By Christian Caple The Spokesman Review
PULLMAN — There is one major difference between the group of Washington State linebackers who will play this season, and the group that started in 2012.
That is: You’ve probably heard of these guys.
That wasn’t necessarily the case last year, when disciplinary issues and graduation wiped out a group that many thought would be one of the team’s strengths.
As it turned out, it still was. Darryl Monroe, now a third-year sophomore, emerged last season as one of the more physically gifted players on WSU’s defense, and he’s back to occupy the MIK linebacker spot in defensive coordinator Mike Breske’s base 3-4 defense.
Justin Sagote was a junior-college transfer who wasn’t on the radar of casual fans. He wound up starting 10 games, and figures to begin the 2013 season in the starting lineup at WIL linebacker. Eric Oertel used to be a running back. Now he’s back for his second season as a regular contributor — and possible starter — at SAM linebacker.
So while the difference might simply be name recognition, the similarities are obvious — the Cougars’ group of linebackers, thought a year ago to be one of the defense’s bigger liabilities, is now one of the more reliable units on the team.
“I want them to look at us and be like, this group of young men are very aggressive, relentless, and play with a ‘bad’ attitude — aka, a chip on our shoulders,” Monroe said. “Oh, and that we hustle, and run to the ball. That’s No. 1. These boys run to the ball.”
There is no more of a sure thing on WSU’s defense — with the possible exception of senior safety Deone Bucannon — as Monroe starting at MIK (middle) linebacker.
He not only started every game in 2012 as a freshman and finished second on the team with 80 tackles, but it’s obvious to even infrequent observers of WSU’s practices that Monroe is one of the more respected players on the team.
That position requires it.
“On my good defenses over the years, my MIK linebacker has been the leader,” Breske said. “The defensive linemen respect them, the DBs respect them. They’re involved in the run game, they’re involved in the pass game. I’ve just always had good leadership there.”
And that’s how Oertel views the group as a whole — as the leaders of the defense, despite the fact that WSU’s ultra-sized defensive line could be considered the most imposing facet of the Cougars’ defense.
“There’s a reason why linebackers are in between the secondary and those guys on the front down there,” said Oertel, a senior. “They’re the center of the defense. Without any one position group, our defense isn’t going to be good, but I just think we bring a lot of leadership to the defense.”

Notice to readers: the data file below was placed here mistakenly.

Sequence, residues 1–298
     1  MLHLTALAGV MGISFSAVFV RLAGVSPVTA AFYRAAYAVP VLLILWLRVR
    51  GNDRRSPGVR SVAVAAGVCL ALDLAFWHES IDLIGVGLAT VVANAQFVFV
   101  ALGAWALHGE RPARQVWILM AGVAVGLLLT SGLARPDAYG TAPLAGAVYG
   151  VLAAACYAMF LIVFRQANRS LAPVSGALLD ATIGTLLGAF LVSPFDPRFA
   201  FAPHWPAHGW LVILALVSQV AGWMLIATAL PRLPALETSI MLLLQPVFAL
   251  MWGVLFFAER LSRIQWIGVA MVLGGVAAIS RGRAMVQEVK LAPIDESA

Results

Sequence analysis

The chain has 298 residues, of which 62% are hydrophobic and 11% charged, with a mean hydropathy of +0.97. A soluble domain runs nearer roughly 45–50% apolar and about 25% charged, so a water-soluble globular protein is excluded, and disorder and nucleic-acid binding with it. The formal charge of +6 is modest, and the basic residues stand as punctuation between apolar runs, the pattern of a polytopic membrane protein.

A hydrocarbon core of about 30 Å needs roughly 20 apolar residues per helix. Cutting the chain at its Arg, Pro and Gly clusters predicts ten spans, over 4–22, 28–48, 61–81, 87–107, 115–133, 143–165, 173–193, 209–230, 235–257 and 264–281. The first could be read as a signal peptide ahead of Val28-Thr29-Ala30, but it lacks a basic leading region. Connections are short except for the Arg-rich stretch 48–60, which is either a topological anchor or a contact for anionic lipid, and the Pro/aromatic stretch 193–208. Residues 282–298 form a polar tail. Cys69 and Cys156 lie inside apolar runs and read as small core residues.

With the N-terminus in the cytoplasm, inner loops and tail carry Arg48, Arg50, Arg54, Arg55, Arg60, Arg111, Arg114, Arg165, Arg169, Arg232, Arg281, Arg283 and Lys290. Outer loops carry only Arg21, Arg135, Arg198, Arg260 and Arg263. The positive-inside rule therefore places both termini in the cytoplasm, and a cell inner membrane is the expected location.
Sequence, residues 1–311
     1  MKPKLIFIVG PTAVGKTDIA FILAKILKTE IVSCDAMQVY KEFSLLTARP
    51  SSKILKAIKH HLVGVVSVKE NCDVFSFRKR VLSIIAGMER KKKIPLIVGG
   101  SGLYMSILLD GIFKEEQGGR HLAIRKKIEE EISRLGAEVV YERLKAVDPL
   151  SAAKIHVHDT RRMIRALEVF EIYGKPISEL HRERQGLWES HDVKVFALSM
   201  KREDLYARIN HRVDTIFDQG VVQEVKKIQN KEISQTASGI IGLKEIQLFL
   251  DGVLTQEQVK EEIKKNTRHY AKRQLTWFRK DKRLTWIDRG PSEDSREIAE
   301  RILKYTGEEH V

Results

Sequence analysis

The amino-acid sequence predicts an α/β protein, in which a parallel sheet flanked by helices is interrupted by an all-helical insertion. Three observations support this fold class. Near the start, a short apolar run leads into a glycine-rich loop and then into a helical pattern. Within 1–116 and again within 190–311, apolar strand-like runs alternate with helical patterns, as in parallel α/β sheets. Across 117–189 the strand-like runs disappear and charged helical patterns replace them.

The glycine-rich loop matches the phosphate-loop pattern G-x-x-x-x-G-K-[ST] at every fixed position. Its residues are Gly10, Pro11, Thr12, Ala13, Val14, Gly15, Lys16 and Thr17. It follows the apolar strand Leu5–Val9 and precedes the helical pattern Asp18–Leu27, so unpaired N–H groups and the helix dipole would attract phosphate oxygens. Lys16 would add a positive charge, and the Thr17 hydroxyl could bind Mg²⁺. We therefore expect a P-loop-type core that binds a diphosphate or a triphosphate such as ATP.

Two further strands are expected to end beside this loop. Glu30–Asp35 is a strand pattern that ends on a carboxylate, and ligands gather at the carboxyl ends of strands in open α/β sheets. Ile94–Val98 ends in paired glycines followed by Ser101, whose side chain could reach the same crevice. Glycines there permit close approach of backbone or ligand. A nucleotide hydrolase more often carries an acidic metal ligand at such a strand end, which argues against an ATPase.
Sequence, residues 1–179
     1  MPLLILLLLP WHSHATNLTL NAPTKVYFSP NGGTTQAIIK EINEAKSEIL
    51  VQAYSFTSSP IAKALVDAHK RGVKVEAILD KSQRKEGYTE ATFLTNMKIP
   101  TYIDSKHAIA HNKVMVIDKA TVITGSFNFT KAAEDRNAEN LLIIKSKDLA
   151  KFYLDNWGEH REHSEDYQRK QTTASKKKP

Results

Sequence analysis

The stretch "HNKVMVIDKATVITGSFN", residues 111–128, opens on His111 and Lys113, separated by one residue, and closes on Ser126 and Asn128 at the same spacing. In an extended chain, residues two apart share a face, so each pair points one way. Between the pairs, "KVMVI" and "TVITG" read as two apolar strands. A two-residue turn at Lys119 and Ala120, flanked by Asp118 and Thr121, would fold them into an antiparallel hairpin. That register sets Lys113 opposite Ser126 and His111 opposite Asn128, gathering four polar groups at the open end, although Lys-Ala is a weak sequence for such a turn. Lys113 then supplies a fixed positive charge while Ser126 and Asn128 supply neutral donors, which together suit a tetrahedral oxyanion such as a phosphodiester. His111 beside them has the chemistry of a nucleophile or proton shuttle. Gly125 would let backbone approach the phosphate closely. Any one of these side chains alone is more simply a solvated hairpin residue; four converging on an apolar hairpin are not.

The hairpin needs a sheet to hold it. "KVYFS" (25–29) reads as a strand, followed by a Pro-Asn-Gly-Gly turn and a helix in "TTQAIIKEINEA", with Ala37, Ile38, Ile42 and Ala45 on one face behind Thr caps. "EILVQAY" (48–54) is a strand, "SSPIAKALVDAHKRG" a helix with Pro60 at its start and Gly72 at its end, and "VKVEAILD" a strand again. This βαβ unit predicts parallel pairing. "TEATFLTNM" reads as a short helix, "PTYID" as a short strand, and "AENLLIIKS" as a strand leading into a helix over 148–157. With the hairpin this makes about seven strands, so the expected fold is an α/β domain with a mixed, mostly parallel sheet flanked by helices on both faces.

Experience gained during the ups and downs of last season should help. Among Monroe, Sagote, Oertel and Cyrus Coen, a former walk-on who made 11 starts last year and is “neck and neck” with Oertel at the SAM spot, according to linebackers coach Ken Wilson, the Cougars have a group that all of a sudden feels seasoned instead of suspect.
“I feel like we’re to that point now where all the learning stuff is out, and just play fast,” Oertel said. “That’s what it’s going to take, especially against an Auburn team that likes to go tempo, and if you think out there it’s going to be bad. Every time you think out on that field, it’s going to be six.”
Destiny Vaeao figures to start at the buck linebacker position, though his makeup is more that of a defensive lineman.
In the mix
Jared Byers provides some experience as Monroe’s backup at MIK linebacker, and it’s entirely possible that Coen could win the starting spot from Oertel at SAM linebacker. Both will play substantially. Kache Palacio and Ivan McLennan have each seen time at the buck spot in the spring and fall, and Palacio seems the coaches’ preferred choice in certain situations.
Third-year sophomore Tana Pritchard was pushing Sagote for the No. 1 will linebacker spot in the spring, and has seen his share of snaps with the No. 1 defense during camp, too. He will be a factor in WSU’s linebacker rotation.
Sophomore Jeremiah Allison, who played mostly special teams last season, could see the field some, too, as could freshman Peyton Pelluer.
Reason for optimism
At times last season, Monroe and Co. looked the part of a fast, physical Pac-12 linebacking corps. A full season in Breske’s system, coupled with another offseason in the weight room, could mean more consistency in 2013.
Cause for concern
Can Vaeao, at 6-foot-4 and 290 pounds, meet the pass-coverage demands of the buck linebacker spot?